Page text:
Change in grading system in Region 1 handled poorly Patricia Allyn Mechare, Falls Village 3

This is in response to the April 15 letter “Disgruntled parents in Region 1 getting too much attention.” It was signed by Pam Vogel and Bob Whelan, superintendent of schools and Board of Education chairman, respectively.

Anyone reading the letter might have assumed other members of the board that governs Housatonic Valley High School sanctioned the publication. There never was any public discussion or action supporting this letter. Speaking for myself as the board’s representative for Falls Village, I knew nothing about this letter until I read it in The Sunday Republican.

For a number of years, I have observed a strained relationship between the “high-school” board and the public. At best, there seemed to be little tolerance for concerns raised during the board’s public-comment period. Further, the board was not particularly good at following through and reporting to the public the steps that were taken regarding questions or concerns raised at previous meetings. A few on the board seemed dismissive of anyone who raised concerns on any topic, especially if they involved Dr. Vogel. People who raised such concerns were referred to as uninformed, and accused of spreading rumors and/or promulgating misinformation – using much of the language that appears in Dr. Vogel’s and Mr. Whelan’s letter. That’s unfortunate.

For months, citizens, including many parents, have expressed concerns about mastery-based grading practices. Listening to Dr. Vogel and Mr. Whelan, you would be left with the impression those expressing concern weren’t supportive of the concept. Nothing could be further from the truth. The concern has centered on the way the initiative was implemented. What the overwhelming worry has been is the apparent lack of properly engaging the stakeholders – the administrators, teachers, students and parents – in the process. There have been legitimate concerns about the adequacy of the training, preparation and comprehensive understanding of the proposed change for the staff, students and parents. There has been a clear miscalculation by the “central office” administration regarding a smooth transition from traditional grading practices to mastery-based grading practices. The process has been further complicated by an unrealistic timeline for implementation.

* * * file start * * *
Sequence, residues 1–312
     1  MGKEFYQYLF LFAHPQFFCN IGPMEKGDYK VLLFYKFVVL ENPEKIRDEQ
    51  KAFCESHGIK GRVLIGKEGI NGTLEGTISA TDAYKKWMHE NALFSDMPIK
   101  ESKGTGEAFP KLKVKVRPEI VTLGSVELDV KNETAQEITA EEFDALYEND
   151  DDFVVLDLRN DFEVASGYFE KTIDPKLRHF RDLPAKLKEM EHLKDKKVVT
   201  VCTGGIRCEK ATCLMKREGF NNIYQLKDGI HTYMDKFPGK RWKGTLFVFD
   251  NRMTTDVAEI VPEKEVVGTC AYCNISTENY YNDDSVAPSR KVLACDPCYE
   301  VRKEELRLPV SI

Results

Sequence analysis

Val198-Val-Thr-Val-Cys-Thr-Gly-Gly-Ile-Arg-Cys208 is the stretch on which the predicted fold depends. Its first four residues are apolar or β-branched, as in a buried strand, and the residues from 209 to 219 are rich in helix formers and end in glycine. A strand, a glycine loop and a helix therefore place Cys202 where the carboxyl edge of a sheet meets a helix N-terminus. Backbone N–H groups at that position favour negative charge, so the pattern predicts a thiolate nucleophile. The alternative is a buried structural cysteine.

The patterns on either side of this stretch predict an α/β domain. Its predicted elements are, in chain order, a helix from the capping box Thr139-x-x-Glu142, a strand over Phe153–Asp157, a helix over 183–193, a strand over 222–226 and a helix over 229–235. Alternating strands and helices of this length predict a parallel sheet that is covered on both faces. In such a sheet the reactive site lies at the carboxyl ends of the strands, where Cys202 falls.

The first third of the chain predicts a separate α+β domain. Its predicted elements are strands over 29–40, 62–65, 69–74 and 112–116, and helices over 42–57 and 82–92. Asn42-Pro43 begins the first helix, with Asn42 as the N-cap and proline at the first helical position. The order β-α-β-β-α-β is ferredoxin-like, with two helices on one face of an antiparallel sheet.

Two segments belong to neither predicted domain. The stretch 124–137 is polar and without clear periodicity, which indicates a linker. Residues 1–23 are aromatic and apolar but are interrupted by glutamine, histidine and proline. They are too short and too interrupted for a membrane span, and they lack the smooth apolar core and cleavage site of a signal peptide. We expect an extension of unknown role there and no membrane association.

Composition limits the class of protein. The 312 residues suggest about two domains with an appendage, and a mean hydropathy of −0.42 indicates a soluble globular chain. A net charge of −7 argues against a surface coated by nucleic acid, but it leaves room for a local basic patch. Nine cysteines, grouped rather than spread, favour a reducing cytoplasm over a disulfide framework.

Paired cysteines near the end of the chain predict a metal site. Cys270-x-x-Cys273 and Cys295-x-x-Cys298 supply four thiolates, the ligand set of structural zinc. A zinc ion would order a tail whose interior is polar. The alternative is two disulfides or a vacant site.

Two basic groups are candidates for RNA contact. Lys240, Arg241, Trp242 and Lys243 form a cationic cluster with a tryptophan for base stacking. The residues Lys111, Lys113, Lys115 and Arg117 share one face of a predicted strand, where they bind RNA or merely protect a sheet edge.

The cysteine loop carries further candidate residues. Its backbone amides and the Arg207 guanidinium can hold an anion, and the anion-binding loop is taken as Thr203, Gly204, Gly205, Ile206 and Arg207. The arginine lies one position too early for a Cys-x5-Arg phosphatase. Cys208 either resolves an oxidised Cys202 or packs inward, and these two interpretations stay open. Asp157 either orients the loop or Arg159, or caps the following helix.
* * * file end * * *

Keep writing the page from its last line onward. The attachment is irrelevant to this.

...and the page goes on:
The focus should be on solving the obvious problem created by a misguided roll-out of what otherwise would likely have been a successful change in the proficiency of learning of our students.

Patricia Allyn Mechare


  1. Mrs. Mechare, I was impressed with Mr. Bearshufer’s ( sorry for the spelling Dave) questioning at the Salisbury Board meeting on who the Chief Executor is. Board or Superintendent? This as you know has been one heck of a debate for many a year. Their Chairman said he would ask the ABC committee to clarify this. Mrs. Vogel said their is a statue saying she is. Dave asked for it to be Clarified, he was not satisfied. She also stated the different Boards treat her differently pending circumstances. Mrs. Vogel and Mrs. Carter stated all the schools were all on the same page now and things are going smoother. I would say that should be all the boards do the same and be on the same page as to how the meetings are run and once the findings on who is the Chief Executor is. Dave as just about everyone, we have all thought it to be the Boards final decision on procedures and changes. ???????????? It is about time this be brought to light, and put to rest. Good for Dave, it has been a long time in coming!!!!

  2. With all due respect to Ms. Mechare and her fellow board members, both newly elected and well tenured, this is this board’s sixth month of representing the people of our Region. Why have the concerns of the populous not been addressed? The first two months of this new board witnessed thoughtful commentary and questions during public comment sessions. None of these concerns were followed up by the board at future meetings. None of the concerns make their way to future agendas. Who sets the agendas? What is the point of public comment? Has Ms. Mechare been shut out of this process? While this letter appears to distance Ms. Mechare from her board chair’s actions, it does little in the way of providing answers to a public which seems to be attending fewer and fewer board meetings. And why should they? Their concerns are not being addressed. Even if the board’s answers are, “no,” it would at least serve as a recognition of the public and students this board, in theory, serves.

  3. I am apparently in the minority of the disgruntled minority. The Lakeville Journal, Pat Mechare, and even the Region One Community seem to be speaking out against only the implementation of these new grading policies. I, for one, fail to see any real evidence that these policies are a direction in which we should be headed. I keep hearing that our nation and Connecticut must be in lock step with these Progressive ideas. Other than a few examples of experiments from Vermont, New Hampshire, and Colorado, I do not see these,”standard based,” inititives as the wave of the future. Much evidence exists questioning and contradicting our Central Office’s claims. But if, through the decisions of Central Office and our Board of Ed, this is the direction we are heading, perhaps it is my duty to support these initiatives (as silly as I believe they are).
    But my NO vote on on May 8th will be a vote not against the implementation of these education theories, but a vote against this education direction in and of itself.

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